I only have time for a quick note on the King Street Pilot, which prioritizes streetcars on the busiest surface route in Canada’s biggest city.
Perhaps I’d have more time to comment if I spent less time in transit. We all spend too long getting from place to place in Toronto.
So it may have seemed insignificant when the Toronto Transit Commission announced the early success of their experiment on King Street. By diverting as many private vehicles as was practical, rush hour trip times between Jarvis and Bathurst Streets, a distance of 2.4 kilometres, were reduced by about five minutes.
Five minutes doesn’t seem like a lot, and maybe it’s not.
It’s a lot when you consider the tens of thousands of people reliant on the 504 King streetcar. And, it’s a lot when the five-minute reduction is multiplied over a year for a single streetcar rider. Of the 365 days in a year, 104 days are weekends, 10 days are statutory holidays, 10 days are paid vacation, and another 10 days are absences for other reasons, which leaves 221 days of the year that an average commuter relies on transit. Five minutes saved, each way, adds up to 2,210 minutes per year of recovered leisure time.
That’s 37 hours per year, equivalent to a full week of work. It’s like getting an extra week of vacation, only it doesn’t cost workers or employers a penny more. Now, multiply that number by the tens of thousands of people riding the 504 line, and the full scale of this saving comes into focus. Hundreds, possibly thousands of years can be liberated annually by these means.
That’s why saving five minutes per trip seems like a lot. Now, here’s why it’s not.
First, it could be a lot more. Second, on balance, it might be a lot less.
It could be a lot more if the City had the temerity to attempt the experiment over the entirety of the 504 line, from Broadview subway station in the east, all the way to Dundas West subway station in the west (represented by the red line on the map below, courtesy of Transit Toronto).
If five minutes can be saved over the busiest 2.4 kilometers, how much more is possible when you include all the commuters who live outside the core, which is, obviously, almost all of them? Maybe thousands of person-years of wasted time, annually, could be put to a better purpose.
When you think of it that way, a saving of five minutes per trip is less impressive. Gains of ten, fifteen, or twenty minutes may be possible as the route becomes more popular as an alternative to overcrowded subways.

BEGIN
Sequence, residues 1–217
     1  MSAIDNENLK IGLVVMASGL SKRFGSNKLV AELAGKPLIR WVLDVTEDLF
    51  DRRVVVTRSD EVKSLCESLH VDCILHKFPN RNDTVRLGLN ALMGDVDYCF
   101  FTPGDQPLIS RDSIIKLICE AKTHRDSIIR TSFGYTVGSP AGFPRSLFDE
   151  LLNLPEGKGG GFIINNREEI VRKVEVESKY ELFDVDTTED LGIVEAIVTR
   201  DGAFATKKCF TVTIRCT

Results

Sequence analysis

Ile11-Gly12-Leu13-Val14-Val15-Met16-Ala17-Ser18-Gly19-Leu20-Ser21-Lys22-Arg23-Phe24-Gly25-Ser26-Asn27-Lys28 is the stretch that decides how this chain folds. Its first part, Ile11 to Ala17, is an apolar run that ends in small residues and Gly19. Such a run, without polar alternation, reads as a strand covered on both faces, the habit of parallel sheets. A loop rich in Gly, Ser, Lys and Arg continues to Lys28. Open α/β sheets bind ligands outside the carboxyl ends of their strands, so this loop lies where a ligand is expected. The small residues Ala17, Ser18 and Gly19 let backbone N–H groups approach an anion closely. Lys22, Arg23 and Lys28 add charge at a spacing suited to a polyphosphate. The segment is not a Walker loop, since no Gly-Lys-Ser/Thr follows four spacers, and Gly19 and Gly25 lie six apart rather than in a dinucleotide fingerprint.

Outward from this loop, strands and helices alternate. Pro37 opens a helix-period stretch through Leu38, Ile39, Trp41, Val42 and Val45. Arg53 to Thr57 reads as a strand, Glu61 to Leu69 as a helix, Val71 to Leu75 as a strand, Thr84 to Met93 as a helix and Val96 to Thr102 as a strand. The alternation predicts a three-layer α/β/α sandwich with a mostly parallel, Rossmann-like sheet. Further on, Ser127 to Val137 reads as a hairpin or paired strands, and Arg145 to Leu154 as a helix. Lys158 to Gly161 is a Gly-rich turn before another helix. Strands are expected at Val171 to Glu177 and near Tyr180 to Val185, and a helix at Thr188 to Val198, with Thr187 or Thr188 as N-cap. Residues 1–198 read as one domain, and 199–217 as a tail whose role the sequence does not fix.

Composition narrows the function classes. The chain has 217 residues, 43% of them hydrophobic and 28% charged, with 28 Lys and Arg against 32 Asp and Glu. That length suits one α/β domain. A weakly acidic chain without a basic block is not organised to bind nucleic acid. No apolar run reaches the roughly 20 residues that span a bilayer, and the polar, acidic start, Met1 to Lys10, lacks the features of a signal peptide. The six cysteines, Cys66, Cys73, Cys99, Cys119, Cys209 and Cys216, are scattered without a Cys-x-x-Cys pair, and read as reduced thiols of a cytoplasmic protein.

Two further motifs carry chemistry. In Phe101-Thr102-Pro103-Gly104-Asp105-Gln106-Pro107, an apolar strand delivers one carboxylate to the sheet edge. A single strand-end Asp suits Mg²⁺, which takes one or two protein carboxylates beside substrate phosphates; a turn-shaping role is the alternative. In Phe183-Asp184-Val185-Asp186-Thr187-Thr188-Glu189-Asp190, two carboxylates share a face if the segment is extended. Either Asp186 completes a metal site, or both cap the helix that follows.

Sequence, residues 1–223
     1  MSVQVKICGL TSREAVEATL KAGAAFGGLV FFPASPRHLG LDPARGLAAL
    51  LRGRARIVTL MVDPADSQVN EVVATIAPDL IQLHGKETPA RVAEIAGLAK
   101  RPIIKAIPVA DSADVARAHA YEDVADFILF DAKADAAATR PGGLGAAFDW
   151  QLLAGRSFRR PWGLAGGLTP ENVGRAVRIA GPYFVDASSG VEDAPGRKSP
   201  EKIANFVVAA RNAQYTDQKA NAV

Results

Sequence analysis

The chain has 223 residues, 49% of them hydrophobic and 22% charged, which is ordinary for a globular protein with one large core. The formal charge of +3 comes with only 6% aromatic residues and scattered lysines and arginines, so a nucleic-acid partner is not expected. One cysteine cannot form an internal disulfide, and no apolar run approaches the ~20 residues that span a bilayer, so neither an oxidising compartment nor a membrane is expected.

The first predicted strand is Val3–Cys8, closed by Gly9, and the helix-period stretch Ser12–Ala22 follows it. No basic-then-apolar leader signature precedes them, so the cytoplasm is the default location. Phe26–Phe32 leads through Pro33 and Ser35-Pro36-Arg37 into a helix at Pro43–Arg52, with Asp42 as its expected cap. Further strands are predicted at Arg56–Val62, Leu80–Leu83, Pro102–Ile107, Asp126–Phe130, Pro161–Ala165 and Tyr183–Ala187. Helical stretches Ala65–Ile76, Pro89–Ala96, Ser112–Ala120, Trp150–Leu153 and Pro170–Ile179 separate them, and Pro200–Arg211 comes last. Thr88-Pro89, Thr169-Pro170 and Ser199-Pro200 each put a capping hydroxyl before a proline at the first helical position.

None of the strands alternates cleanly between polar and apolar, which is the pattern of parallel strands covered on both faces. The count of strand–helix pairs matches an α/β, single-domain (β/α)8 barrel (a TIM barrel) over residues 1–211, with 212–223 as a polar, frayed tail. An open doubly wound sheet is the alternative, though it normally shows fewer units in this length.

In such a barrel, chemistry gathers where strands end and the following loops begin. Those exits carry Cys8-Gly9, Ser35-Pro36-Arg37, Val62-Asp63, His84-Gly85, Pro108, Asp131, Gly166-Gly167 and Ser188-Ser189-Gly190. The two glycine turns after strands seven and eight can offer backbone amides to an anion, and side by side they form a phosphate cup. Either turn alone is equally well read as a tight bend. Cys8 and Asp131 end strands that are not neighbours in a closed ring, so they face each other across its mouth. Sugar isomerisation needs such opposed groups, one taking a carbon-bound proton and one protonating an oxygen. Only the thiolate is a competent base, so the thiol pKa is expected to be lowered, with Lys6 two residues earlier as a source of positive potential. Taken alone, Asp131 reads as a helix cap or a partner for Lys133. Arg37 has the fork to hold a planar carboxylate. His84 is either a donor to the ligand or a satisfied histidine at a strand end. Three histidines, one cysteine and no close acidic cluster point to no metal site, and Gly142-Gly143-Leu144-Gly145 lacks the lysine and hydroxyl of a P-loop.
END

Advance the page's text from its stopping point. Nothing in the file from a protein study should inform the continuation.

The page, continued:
The Pilot’s achievement is diminished from another perspective too. Drivers, who are being diverted to other east-west routes across the downtown, deserve consideration. We don’t know how many they are, or how much their progress is being retarded by the prioritization of streetcars, but the resulting waste of their time has to be subtracted from the gains made by the streetcars.
You might have noticed that the scale of Toronto’s traffic congestion is measured in terms of lost time by all travellers, using all modes of transport; but, when public discussion of improvements occurs, users get pitted against one another. The annual cost of traffic congestion is estimated at $6 billion per year, but what savings are achieved by accelerating one while decelerating another? No one expects everyone to benefit equally, but before we congratulate ourselves for saving five minutes, let’s subtract the time we’ve added to someone else’s journey.
I’m not a detractor of the King Street experiment by any means, but I want to be realistic. If we think it’s working, do more of it. And, if we measure the net impact honestly, including the delays resulting for non-transit users, we might be motivated to design our solutions more thoughtfully.
As I’ve suggested elsewhere, this might mean returning bike lanes to vehicular traffic on Adelaide and Richmond Streets, which are now picking up the overflow from King. It might also mean a total rethink of pedestrian crosswalks to and from those alternate routes. The point isn’t to win for streetcars against cars, or cars against bikes, or bikes against pedestrians; it is the net benefit of an integrated system, for the city as a whole, that matters.